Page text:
WASHINGTON COUNTY HISTORICAL SOCIETY (Washington County, Utah)
OLD LAVERKIN CHAPEL
(aka The White Chapel)
LOCATION111 S. Main Street
LaVerkin, UT 84745-5712
HISTORYThe building known as the White Chapel was built one segment at a time beginning in 1925. The final project would not be completed for almost fifty years.
The recreation hall was built first. On April 6, 1925, the LaVerkin Ward bishopric met on the ground where the recreation hall now stands for the purpose of making plans to build what Bishop Wilson called an "all purpose building". They measured out a building large enough to play basketball, with a good size stage at one end, and plans for a basement that would accommodate classrooms. The plans were sent in to the Church Office for approval. At a bishop's council meeting two weeks later, Bishop Wilson read a letter from the Church authorities in which they stated the proposed building was unreasonably large. Bishop Wilson put his hand on one of the men's knees and said, "My dear brother, you will live to see over six hundred people living in LaVerkin. I won't, but you will". The bishopric decided that they did need that large a building.
They started to dig the basement with teams of horses, plowing and scraping the basement, [they would have used horse-drawn earth moving implements known as fresnos], pulling most of the dirt out on the road all across the front of the building. In the center of the basement a furnace room eighteen feet square was dug eight feet deep. Picks and shovels were used to toss dirt out where scrapers couldn't reach.
Several teams and wagons went to Mt. Trumbull for lumber. (Owen Sanders helped haul lumber from Kaibab to make the roof trusses.) Cement was hauled from the railhead in Cedar City by wagons and by trucks. Nathon Porter and George Elder did most of the building over the next two years, with others helping. Ward members contributed almost all the food they and their families needed during this time.
The fifteen-inch thick walls were made of concrete. Generous quantities of limestone were added to make the aggregate go further. Woven fencing gave added strength to the concrete. Roof trusses were made up of one-inch by fourteen-inch pine lumber fastened together with sixteen-penny nails. Owen Sanders described Nathon Porter as being a genius of design and of innovation. Nathon was unschooled but he knew how to correctly design and build the trusses so that would do their job indefinitely. Only the crudest tools and machinery were available for mixing the concrete and for pouring it down into the walls. As the walls got too high to easily get the concrete up by human power, Nathon devised an elevator to do the job powered by an old car motor.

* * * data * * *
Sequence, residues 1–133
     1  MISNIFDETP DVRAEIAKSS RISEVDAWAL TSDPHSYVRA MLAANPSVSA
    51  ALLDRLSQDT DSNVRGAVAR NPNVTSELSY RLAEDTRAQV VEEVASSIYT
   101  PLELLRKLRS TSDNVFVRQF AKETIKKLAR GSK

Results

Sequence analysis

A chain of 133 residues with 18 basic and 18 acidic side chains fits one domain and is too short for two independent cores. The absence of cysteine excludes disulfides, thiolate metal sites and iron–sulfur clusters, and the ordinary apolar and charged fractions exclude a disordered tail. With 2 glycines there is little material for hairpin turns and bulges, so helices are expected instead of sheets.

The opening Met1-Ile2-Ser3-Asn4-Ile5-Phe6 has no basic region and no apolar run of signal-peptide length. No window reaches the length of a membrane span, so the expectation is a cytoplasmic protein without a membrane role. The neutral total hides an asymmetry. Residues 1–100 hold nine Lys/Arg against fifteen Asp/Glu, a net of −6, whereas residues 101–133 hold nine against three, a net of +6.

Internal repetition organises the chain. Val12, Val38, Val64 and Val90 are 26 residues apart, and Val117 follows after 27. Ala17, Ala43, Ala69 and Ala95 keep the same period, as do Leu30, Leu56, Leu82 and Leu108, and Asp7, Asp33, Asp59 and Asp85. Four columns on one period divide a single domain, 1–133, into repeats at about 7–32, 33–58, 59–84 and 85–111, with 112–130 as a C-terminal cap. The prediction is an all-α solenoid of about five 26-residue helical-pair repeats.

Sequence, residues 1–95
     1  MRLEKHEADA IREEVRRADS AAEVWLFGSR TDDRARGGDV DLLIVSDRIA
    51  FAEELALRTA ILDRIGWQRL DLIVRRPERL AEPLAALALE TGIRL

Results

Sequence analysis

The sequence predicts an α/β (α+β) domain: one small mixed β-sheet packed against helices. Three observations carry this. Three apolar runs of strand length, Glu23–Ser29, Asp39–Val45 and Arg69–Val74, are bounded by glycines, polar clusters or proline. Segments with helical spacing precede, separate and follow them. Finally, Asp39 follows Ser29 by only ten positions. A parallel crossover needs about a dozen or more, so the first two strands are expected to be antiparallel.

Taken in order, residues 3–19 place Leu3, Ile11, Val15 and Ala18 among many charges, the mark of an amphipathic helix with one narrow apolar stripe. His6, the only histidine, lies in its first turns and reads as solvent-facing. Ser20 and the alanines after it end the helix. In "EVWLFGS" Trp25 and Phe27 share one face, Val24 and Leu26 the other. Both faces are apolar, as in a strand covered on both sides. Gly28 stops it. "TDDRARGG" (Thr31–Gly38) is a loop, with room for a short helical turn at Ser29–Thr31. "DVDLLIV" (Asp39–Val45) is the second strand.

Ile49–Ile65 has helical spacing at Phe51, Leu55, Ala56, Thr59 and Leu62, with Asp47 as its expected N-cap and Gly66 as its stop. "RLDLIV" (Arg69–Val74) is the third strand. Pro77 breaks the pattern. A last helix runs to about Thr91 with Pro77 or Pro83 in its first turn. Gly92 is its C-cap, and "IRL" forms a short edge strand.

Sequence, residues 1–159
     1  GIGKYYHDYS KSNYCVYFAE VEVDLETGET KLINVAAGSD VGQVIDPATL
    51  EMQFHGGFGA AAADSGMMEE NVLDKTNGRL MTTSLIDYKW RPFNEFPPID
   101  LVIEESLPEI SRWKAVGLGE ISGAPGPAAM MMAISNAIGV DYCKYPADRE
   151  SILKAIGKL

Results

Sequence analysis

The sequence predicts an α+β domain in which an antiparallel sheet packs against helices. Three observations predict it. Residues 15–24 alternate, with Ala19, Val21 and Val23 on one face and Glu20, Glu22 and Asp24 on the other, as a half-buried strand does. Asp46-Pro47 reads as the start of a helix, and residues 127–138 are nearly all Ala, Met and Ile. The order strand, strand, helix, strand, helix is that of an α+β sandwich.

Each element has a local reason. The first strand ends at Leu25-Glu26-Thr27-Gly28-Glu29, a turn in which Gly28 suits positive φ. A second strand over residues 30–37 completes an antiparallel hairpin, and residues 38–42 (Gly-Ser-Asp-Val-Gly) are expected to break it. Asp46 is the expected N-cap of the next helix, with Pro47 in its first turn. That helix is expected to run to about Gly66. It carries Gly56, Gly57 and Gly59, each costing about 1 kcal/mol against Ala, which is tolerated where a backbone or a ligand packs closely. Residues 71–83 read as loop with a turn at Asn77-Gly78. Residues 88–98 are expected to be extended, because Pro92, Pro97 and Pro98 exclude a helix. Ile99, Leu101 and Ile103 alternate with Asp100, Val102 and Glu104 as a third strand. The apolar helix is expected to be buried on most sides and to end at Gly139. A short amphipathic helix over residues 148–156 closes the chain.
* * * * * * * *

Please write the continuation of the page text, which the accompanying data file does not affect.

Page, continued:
Owen, as a teenager, like other ward members donated many hours of labor. His contributions weren't entirely voluntary. His father, Will, driving by the construction site on the way to the farm, would ask, "Do you need any help today?" They always did, and Owen would get elected to do it.
Maude Judd gave the following report concerning the building:
"A new meeting house, a concrete building; was erected in LaVerkin in 1925-1926, having a seating capacity of six hundred. It also has five classrooms and a Relief Society room in the basement. In the rear of the main auditorium is a recreation stage twenty by forty feet. The erection of the building represents an outlay of $15,000.00."
It was truly a multipurpose building - serving as a chapel on Sunday, a drama theater or a dance hall on Friday or Saturday nights, and a gymnasium for basketball. Though in use from 1926, it was not paid for and dedicated until January 16, 1955.
Summer "cooling" was accomplished by opening windows and having hand-fans available, that displayed a religious motif when opened out. Two wood or coal-fired heaters in the basement kept winter's cold at bay. A chute on the north side of the building eased the task of bringing in fuel. When asked about her childhood fears, one LaVerkin native said she was afraid of going near the crude doorway that opened to the fuel chute. She was sure the Devil lived down there. Vents provided for convectional air circulation; there was no forced-air provision.
Walter and Warren Church had the job of stoking the heaters. They got fires going at 4:00 a.m. on Sunday. After services were over, they mixed a little coal oil with sawdust, applied it to the floor, and swept up. They received four dollars a month each, which put them among the big money earners of the day.